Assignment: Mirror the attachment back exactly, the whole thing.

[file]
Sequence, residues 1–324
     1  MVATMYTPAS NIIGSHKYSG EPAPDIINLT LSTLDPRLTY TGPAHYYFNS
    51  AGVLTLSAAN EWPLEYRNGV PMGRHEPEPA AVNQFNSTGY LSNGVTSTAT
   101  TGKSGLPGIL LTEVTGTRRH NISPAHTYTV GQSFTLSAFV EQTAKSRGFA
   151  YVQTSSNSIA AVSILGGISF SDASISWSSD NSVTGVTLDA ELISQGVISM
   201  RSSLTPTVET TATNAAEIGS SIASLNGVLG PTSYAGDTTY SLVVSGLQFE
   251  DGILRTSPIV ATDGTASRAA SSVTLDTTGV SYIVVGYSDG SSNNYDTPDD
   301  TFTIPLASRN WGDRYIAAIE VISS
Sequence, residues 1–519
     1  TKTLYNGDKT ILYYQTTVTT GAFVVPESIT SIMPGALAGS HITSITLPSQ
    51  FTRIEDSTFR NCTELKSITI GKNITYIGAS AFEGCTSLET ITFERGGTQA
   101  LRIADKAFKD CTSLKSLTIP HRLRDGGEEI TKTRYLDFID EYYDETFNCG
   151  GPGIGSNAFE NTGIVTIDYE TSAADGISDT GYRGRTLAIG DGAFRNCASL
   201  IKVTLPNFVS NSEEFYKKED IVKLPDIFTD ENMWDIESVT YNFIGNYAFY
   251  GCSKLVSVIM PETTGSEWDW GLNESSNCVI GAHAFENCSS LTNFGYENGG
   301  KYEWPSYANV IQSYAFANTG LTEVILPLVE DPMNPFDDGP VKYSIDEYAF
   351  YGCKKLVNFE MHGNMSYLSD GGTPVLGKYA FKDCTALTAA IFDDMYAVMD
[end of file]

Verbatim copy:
Sequence, residues 1–324
     1  MVATMYTPAS NIIGSHKYSG EPAPDIINLT LSTLDPRLTY TGPAHYYFNS
    51  AGVLTLSAAN EWPLEYRNGV PMGRHEPEPA AVNQFNSTGY LSNGVTSTAT
   101  TGKSGLPGIL LTEVTGTRRH NISPAHTYTV GQSFTLSAFV EQTAKSRGFA
   151  YVQTSSNSIA AVSILGGISF SDASISWSSD NSVTGVTLDA ELISQGVISM
   201  RSSLTPTVET TATNAAEIGS SIASLNGVLG PTSYAGDTTY SLVVSGLQFE
   251  DGILRTSPIV ATDGTASRAA SSVTLDTTGV SYIVVGYSDG SSNNYDTPDD
   301  TFTIPLASRN WGDRYIAAIE VISS
Sequence, residues 1–519
     1  TKTLYNGDKT ILYYQTTVTT GAFVVPESIT SIMPGALAGS HITSITLPSQ
    51  FTRIEDSTFR NCTELKSITI GKNITYIGAS AFEGCTSLET ITFERGGTQA
   101  LRIADKAFKD CTSLKSLTIP HRLRDGGEEI TKTRYLDFID EYYDETFNCG
   151  GPGIGSNAFE NTGIVTIDYE TSAADGISDT GYRGRTLAIG DGAFRNCASL
   201  IKVTLPNFVS NSEEFYKKED IVKLPDIFTD ENMWDIESVT YNFIGNYAFY
   251  GCSKLVSVIM PETTGSEWDW GLNESSNCVI GAHAFENCSS LTNFGYENGG
   301  KYEWPSYANV IQSYAFANTG LTEVILPLVE DPMNPFDDGP VKYSIDEYAF
   351  YGCKKLVNFE MHGNMSYLSD GGTPVLGKYA FKDCTALTAA IFDDMYAVMD